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Development of a blood-retina barrier on-a-chip with human iPSC-derived retinal pigment epithelium and endothelium

Marrero Feitosa-Afonsso, D. (2019) Development of a blood-retina barrier on-a-chip with human iPSC-derived retinal pigment epithelium and endothelium.

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Abstract:Age-related macular degeneration (AMD) is a complex and multifactorial disease that causes irreversible central vision loss in the elderly, affecting 170 million people worldwide. The key tissue implicated in the disease is the outer blood-retina barrier (oBRB) composed of the retinal pigment epithelium (RPE), Bruch’s membrane, and the choriocapillaris. Despite its high prevalence, the exact cause and onset of the disease remain largely unknown. This is mainly due to the inability of current models to recapitulate the multilayered architecture of the oBRB and capture relevant differences in genetic and environmental variability amongst patients. Therefore, the aim of this research project is to develop a physiologically relevant oBRB-on-a-chip model by mimicking the microenvironment of the RPE-choroid interface in vitro with stem cell-derived material. The oBRB architecture was emulated with a co-culture of hiPSC-derived RPE seeded on an open-top chamber interfaced with hiPSC-derived endothelial cells (ECs) embedded into a collagen patterned microchannel. The two generated hiPSC-derived cell types displayed characteristic features of mature and functional cells such as polarized VEGF secretion and angiogenic potential by the RPE and ECs, respectively. Moreover, the ECs in co-culture with the RPE cells expressed the vascular endothelial cadherin marker after three days of culture. This work demonstrates that the co-culture of hiPSC-derived RPE and ECs is compatible with OoC technology and establishes a model for future study of in vitro cellular and molecular mechanisms of the RPE-choroid interface.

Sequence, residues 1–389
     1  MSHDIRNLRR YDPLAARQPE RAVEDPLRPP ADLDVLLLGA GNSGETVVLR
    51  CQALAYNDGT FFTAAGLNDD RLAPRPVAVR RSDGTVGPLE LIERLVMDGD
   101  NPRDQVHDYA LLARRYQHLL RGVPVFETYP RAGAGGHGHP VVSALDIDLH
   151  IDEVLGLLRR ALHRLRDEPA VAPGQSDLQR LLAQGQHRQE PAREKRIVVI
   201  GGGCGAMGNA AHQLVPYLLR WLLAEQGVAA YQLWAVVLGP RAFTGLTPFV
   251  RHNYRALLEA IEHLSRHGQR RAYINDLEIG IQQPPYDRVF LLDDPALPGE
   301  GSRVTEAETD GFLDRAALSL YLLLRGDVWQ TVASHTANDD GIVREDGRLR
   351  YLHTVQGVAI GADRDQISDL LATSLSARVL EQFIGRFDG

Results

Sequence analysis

Item Type:Essay (Master)
Clients:
Radboudumc, Nijmegen, Netherlands
Faculty:TNW: Science and Technology
Subject:42 biology, 44 medicine, 51 materials science
Programme:Biomedical Engineering MSc (66226)
Link to this item:http://purl.utwente.nl/essays/79795
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